Tricks of the Restaurant Trade: The BHA say pink burgers can be safe to eat

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This week Channel 4 broadcast Tricks of the Restaurant Trade featuring Simon Rimmer. It received much criticism on social media from those in the trade and the hot topics included rare burgers and how only pretty people get window seats in restaurants! In response to the 'rare burger' debate and the bacteria found in them, The British Hospitality Association (BHA) have released a statement..... burger2The BHA recognises that when cooking medium/medium rare burgers in uncontrolled conditions, they may be unsafe. The statement reads that ‘unlike steak, if the inside of a burger is not cooked, it is often not safe to eat because when meat is minced, the outside surfaces are mixed up with bacteria inside and this means that bacteria, such as E. coli will be mixed all the way through the burger.’ The BHA added that they wholeheartedly believe only safe food should be sold, in accordance with the law and that ‘we shouldn’t dwell only on the colour of the burger, for colour is not a true indication of meat safety.’ Dr. Lisa Ackerley, Food Safety Expert at the BHA said: “There are a number of controls that businesses can use, and are using, to ensure that their burgers are safe. It would be unwise therefore to assume that all rare burgers are unsafe because this is not the case. “Firstly, temperature and time controls, such as measuring the temperature at the centre of the burger, will provide a microbiologically safe product that may still be pink in the centre. This is in line with guidance from the Government’s Advisory Committee on Microbiological Safety of Food. This could mean cooking at:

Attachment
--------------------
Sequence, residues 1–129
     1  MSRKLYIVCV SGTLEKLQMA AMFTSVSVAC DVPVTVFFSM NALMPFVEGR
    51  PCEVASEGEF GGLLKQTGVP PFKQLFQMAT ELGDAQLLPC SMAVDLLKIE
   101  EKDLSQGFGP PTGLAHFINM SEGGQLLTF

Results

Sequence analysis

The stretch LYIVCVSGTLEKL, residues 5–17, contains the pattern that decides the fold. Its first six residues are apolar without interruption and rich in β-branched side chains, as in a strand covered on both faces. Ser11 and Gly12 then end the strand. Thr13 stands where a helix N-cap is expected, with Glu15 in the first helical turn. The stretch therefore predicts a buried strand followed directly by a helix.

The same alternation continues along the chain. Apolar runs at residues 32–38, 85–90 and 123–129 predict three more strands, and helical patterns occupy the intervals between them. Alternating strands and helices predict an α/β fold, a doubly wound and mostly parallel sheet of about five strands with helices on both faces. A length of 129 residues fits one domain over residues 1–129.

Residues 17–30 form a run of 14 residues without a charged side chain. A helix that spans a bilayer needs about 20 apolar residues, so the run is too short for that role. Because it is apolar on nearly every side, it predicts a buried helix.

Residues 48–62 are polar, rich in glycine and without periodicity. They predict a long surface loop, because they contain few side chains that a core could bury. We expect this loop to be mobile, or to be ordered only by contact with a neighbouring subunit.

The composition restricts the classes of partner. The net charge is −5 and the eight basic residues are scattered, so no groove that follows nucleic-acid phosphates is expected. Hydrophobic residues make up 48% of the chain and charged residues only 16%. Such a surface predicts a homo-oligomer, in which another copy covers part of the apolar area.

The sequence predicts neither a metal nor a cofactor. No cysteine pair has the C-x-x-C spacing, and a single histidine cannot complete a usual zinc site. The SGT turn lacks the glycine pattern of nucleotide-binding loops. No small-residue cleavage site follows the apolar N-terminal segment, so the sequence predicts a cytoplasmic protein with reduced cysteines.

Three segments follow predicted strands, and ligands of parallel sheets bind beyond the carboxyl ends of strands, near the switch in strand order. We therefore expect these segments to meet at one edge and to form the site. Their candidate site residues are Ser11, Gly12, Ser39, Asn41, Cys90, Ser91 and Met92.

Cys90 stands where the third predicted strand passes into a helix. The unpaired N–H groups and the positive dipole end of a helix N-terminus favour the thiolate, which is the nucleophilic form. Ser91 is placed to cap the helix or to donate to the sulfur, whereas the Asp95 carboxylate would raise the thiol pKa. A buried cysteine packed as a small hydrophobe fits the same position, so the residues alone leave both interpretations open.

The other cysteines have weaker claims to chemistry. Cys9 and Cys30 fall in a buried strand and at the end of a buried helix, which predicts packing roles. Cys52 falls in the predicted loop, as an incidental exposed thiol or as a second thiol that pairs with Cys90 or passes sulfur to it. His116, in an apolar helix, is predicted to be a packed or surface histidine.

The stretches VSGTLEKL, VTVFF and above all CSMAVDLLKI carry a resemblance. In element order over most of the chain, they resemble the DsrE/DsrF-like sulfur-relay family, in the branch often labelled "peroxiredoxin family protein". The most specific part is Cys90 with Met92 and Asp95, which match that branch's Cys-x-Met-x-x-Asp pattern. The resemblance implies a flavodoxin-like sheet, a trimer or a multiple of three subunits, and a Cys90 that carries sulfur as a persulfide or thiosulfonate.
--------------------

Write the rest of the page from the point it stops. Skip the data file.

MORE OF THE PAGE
1. 75°C for 18 seconds or
  2. 70 °C for 2 minutes
  3. 65°C for 13.6 minutes
  4. 60 °C for 93 minutes
“Many of the larger chains are using methods such as sous vide cooking to pasteurize the burgers rare.hamburgerfirst prior to final cooking on a griddle. This will produce a juicy pink burger that is safe.” Another example of control is where companies are using beef that has been treated on the outside before mincing using a number of different processes such as steam or lactic acid. Such beef may have been tested and declared E. coli free before being sent to outlets. The Food Standards Agency (FSA) accepted at their Board meeting in September 2015 that a number of control methods might be used to achieve safer medium rare or rare burgers. Local Authorities need to be informed if companies wish to do this, and will verify the company’s validated HACCP systems to check that they are safe. This process has been carried out by a number of companies to the satisfaction of their Primary Authority or Local Authority. In the statement the BHA said businesses may face enforced action if they do not take reasonable steps to help prevent the sale of potentially unsafe food.
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The  Staff Canteen

The Staff Canteen

Editor 7th January 2016

Tricks of the Restaurant Trade: The BHA say pink burgers can be safe to eat